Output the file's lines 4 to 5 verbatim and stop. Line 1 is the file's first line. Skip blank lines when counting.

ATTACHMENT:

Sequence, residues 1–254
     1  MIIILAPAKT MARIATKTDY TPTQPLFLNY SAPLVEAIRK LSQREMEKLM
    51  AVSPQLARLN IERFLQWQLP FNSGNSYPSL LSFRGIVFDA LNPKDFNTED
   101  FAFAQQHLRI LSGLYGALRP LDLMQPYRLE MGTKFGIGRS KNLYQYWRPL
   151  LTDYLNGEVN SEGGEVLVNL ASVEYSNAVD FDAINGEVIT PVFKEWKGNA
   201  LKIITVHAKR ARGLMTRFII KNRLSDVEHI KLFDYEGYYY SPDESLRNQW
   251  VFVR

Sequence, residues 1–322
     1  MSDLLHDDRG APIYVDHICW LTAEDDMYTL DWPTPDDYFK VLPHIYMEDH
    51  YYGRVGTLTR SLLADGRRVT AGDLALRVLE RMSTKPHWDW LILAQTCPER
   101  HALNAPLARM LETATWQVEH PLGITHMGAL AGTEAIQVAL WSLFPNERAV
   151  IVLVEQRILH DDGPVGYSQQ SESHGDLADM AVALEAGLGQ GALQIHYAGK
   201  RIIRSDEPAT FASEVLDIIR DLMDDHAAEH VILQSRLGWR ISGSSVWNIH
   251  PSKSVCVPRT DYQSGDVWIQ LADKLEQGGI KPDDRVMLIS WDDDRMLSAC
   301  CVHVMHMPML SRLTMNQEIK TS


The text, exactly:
   101  FAFAQQHLRI LSGLYGALRP LDLMQPYRLE MGTKFGIGRS KNLYQYWRPL
   151  LTDYLNGEVN SEGGEVLVNL ASVEYSNAVD FDAINGEVIT PVFKEWKGNA